Thedifference between the figures of tsar Nicholas and tsar John is their attitude to violence: the former figure was less violent than the latter figure. This is also the main difference between civil and political religions: the former is based on persuasion, while the latter, on coercion. Coercion has become an intrinsic part of the church culture since its merge with the Roman empire. Only in the periods of crises the church came to understand the incompatibility of coercion with the Gospels. This happened to the Western churches, for instance, in the process of secularization of the western societies. In the case of the Russian Orthodoxy, the Soviet period taught some to avoid coercion. Some, but not all.

Coercion triumphantly returned to the Russian church and encouraged it to embark on political religion. Coercion even became a theologoumenon—a theological opinion widely believed, but not necessarily dogmatised,—expressed by many official and non-official speakers of the church. At the core of this theologoumenonis the belief that human will is weak and human beings are incapable of making right choices. The choosing faculty of the human nature, its freedom, should be therefore substituted by the coercive power of the state.

I personally observed the tendency to undermine the faculty of human freedom as early as during the work on the document The Russian Orthodox Church’s Basic Teaching on Human Dignity, Freedom and Rights. In the working group, which was presided by then Metropolitan Kirill of Smolensk and Kaliningrad, of which I was also a member, we had heated debates on the issue of freedom. One of the group’s member, Fr Vsevolod Chaplin, for instance, insisted that freedom is a diabolic device, which should be neglected altogether. I think I do not act incorrectly by revealing what he said in the internal discussions more than ten years ago, because he has gone much further than that in his more recent public statements.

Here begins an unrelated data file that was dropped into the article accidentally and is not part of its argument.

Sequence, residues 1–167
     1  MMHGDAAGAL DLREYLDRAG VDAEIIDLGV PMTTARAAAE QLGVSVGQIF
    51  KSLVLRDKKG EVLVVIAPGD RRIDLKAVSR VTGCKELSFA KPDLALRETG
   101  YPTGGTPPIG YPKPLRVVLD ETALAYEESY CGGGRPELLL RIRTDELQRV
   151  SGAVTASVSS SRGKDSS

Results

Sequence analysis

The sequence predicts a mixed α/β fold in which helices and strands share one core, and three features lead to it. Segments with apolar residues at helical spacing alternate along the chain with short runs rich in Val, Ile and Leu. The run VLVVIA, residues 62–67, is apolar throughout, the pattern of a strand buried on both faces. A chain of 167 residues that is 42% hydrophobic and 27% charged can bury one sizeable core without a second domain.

To conclude, I would like to share with you the arguments that I brought to the mentioned group in favour of freedom as an intrinsic and probably the most important faculty of the human nature. I discovered those arguments by reading the Fathers of the church. For them, freedom is a distinctive feature of the human nature. Together with intellect, freedom distinguishes humans from the rest of the created world. The Cappadocian Fathers, who lived in the fourth century, paid particular attention to the issue of freedom. Thus, according to Gregory the Theologian, human beings have been created free. They cannot be subordinated to nobody and nothing except God and his commandments.[12]For him, freedom is something that humans should be proud of. It is their honour.[13]Basil of Caesarea brought this idea even further. For him, freedom is a Godlike part of the human soul.[14]To Gregory of Nyssa, human beings are honoured by freedom. Freedom makes them enjoying beatitude.[15]Gregory went as far as affirming that human beings, owing to their freedom, are equal to God.[16]

Ithink these statements by the church Fathers about freedom can inspire us all at this forum, whether we believe in God or not. I thank again Zhanna Nemtsova and other organizers of this gathering for providing an excellent platform for exchange and dialogue—very much in the spirit of Jürgen Habermas and Umberto Eco.

[1]Jürgen Habermas and Joseph Ratzinger, The Dialectics of Secularization: on Reason and Religion, London: Ignatius Press, 2007; original German edition:Dialektik der Säkularisierung: über Vernunft und Religion, Freiburg: Herder, 2005.

[2]Umberto Eco and Cardinal Carlo Maria Martini, Belief or Nonbelief?: a Confrontation, New York: Arcade, 1997.

[3]Umberto Eco and Cardinal Carlo Maria Martini, In cosa crede chi non crede?, Roma: Atlantide, 1996.


[5]José Casanova, Public Religions in the Modern World, Chicago: University of Chicago Press, 1994.

[6]I explore the Soviet symphony in the context of the Byzantine traditions in my article Cyril Hovorun, “Is the Byzantine ‘Symphony’ Possible in Our Days?.” Journal of Church and State59, no. 2 (2017): 280–96.



[9]Emilio Gentile, Politics as Religion(Princeton: Princeton University Press, 2006), p. xv.

[10]Jean-Jacques Rousseau, The Essential Rousseau: The Social Contract, Discourse on the Origin of Inequality, Discourse on the Arts and Sciences, The Creed of a Savoyard Priest, trans. Lowell Bair (New York: Penguin, 1975), 17, 20, 107–8, 110.

[11]Lev Gumilev, Ethnogenesis and the Biosphere (Moscow: Progress, 1990).

[12]De pauperum amore35.892.10-12.

[13]In theophania36.324.21.

[14]Sermo de contubernalibus30.817.2-5.

[15]De mortuis non esse dolendum9.54.2-3.

[16]De mortuis non esse dolendum9.54.10; see also De creatione hominis sermo primus29a.6-7.